Snack-Size Ads Suit a Video-Hungry Audience
It’s likely no surprise that eMarketer projects digital video advertising spending to increase from $3.8 Billion in 2013 to more than $11 billion in 2017. Video consumption is undoubtedly on the rise.
But the Goldilocks-like questions many advertisers have within the digital video space are: Which videos are too long? Which videos are too short? Which videos are just right?
In a culture that craves on-demand content and instant gratification, audiences have developed shortened “digital patience” (Ugh, it’s still buffering?) and even shorter attention spans. In fact – the average human attention span has decreased from 12 seconds in 2000 to eight seconds in 2013, a mere second shorter than the attention span of a goldfish.
(On that note, I hope I haven’t lost you yet…stay with me!)
The decreased length of our attention spans has been widely attributed to the influx of social media and the constant connectivity associated with smartphone usage. Our increasingly pervasive second-screen habits exemplify our diminished ability to stay attentive; as we lose focus on a single screen, we switch our attention quickly to media content on our second (or in some cases, third) device.
With so much clutter and room for distraction – the message is pretty simple when it comes to your digital video ads: keep them short.
Our acclimation to six-second Vine videos and 15-second Instagram clips has created an appetite for short, snackable content. Brands are constantly challenged to find new and creative ways to relay their brand messages in our 140-characters-or-less digital world. Lowe’s Home Improvement mastered the concept of short, sweet and to-the-point social videos with its “Fix in Six” campaign on Vine. Lowes’s was able to utilize six-second videos to provide home-improvement tips and tricks in brief, easy-to-digest portions that audiences enjoyed watching and were willing to share.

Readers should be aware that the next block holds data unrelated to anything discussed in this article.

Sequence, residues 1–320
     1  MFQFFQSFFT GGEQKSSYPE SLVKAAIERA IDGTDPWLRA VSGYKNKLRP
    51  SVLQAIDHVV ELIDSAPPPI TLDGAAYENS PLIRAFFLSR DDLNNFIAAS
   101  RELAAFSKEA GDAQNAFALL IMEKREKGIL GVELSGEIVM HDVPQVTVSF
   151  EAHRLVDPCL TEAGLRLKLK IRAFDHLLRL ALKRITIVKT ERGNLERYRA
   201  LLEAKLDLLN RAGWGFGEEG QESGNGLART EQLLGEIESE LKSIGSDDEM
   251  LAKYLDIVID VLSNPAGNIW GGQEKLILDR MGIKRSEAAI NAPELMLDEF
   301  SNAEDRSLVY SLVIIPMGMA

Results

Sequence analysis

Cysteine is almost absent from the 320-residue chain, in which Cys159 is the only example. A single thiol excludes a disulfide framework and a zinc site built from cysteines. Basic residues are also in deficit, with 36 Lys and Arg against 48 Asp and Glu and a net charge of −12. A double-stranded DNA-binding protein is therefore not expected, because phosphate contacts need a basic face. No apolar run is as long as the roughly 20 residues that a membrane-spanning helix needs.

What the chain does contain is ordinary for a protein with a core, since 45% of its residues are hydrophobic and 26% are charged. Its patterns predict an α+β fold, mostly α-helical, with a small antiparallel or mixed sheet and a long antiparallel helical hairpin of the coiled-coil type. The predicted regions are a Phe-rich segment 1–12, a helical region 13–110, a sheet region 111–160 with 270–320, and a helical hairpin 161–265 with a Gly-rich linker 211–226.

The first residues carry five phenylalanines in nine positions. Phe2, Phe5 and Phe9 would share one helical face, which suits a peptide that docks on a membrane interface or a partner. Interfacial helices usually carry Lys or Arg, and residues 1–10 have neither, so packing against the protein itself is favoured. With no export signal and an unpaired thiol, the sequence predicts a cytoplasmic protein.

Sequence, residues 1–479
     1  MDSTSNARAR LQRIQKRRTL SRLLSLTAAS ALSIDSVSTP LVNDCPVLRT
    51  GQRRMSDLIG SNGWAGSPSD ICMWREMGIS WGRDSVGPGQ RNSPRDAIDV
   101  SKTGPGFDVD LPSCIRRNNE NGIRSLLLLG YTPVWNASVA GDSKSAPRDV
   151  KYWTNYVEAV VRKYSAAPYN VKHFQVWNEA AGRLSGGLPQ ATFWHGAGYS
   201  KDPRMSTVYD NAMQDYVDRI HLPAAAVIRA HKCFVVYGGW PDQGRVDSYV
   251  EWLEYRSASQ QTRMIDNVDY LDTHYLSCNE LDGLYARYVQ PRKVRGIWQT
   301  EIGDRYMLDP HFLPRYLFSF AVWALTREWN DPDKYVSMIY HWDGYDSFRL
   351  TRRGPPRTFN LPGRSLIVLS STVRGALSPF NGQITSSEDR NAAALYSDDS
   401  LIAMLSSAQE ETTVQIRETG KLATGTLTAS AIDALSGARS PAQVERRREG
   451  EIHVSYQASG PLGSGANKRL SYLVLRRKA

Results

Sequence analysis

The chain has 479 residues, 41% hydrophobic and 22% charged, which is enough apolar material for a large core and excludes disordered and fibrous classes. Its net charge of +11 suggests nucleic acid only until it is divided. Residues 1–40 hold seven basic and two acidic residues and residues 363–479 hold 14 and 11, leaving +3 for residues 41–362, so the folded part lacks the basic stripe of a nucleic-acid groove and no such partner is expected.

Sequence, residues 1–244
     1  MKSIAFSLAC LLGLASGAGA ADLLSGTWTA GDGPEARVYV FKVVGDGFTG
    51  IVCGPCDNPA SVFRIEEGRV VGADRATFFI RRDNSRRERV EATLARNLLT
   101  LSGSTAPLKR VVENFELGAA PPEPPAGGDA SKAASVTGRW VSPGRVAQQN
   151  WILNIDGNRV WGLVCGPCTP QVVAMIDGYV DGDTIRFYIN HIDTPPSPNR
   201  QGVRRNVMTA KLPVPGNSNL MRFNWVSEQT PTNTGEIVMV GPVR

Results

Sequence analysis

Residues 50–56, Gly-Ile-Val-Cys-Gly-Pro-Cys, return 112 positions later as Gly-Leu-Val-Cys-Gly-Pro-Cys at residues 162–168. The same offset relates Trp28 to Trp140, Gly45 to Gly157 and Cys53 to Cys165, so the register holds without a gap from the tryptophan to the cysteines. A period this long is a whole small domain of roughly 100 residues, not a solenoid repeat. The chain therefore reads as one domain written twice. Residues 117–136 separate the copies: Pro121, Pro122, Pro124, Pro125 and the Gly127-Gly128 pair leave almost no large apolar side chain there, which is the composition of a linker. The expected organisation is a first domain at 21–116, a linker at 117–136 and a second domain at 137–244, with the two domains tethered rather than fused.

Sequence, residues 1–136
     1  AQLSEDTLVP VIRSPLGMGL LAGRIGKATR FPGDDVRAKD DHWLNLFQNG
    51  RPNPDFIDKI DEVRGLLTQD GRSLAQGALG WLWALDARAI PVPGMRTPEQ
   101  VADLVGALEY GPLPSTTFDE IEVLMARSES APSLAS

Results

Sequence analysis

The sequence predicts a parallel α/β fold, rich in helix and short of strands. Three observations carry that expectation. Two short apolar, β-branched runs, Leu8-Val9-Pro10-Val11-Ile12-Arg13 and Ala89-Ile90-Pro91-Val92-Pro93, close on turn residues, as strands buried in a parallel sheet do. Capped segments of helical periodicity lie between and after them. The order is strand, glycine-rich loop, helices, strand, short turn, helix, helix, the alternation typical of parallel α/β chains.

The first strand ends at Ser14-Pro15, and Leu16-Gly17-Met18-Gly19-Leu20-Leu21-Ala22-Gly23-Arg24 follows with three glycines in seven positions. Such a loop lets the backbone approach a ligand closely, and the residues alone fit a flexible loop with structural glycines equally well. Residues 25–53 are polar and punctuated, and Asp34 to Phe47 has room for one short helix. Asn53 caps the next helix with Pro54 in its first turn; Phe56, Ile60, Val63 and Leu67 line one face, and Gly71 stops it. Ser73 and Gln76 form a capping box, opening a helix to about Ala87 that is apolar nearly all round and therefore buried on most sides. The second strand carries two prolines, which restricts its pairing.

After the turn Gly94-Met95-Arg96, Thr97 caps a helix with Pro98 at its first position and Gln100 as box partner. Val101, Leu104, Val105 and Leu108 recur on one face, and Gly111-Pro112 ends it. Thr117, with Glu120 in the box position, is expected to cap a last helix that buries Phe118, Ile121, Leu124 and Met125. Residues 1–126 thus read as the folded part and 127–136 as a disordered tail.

A recent eMarketer release discusses the optimal length of digital video ads. It showed that 81 percent of internet users (18+) surveyed preferred ads no more than 30-seconds in length, and 46 percent preferred even shorter ads of 15 seconds or less.
This preference for shorter video ads is not exclusive to digital platforms. Nielsen’s 2014 State of the Media report showed a rise in 15-second commercial usage across traditional television and cable, stating that 95 percent of the shorter 15-second spots performed as well or better than their :30 counterparts.
The growing popularity of binge-watching video content has definitely made the question of “what’s the ideal length of an online video” much more interesting. Now the so-called “ideal length” is something that can be determined by the individual viewer. Audiences are consuming (and will continue to consume) as much or as little video content as they want, when and how they want to view it.
However – the beauty of digital video in the advertising space is the access brands have to real-time, actionable insights that allow them to optimize their content and guide their campaign decisions based on the actual performance of their videos. If an advertiser sees a drop-off of viewers after 10 or 15 seconds into their 30-second ad, they can work to condense that content into a 15-second spot that still communicates the brand’s message, but at a length that is more engaging to the audience. As long as you can ensure the brand message or call-to-action won’t be lost by trimming it down, it will likely help hold viewers’ attention for the duration of the spot.
So in our media-laden world that’s an all-you-can-eat buffet of viral, streaming, binge-able content – the message is clear: snack-size ads hit the spot for a multi-screen, video-hungry audience.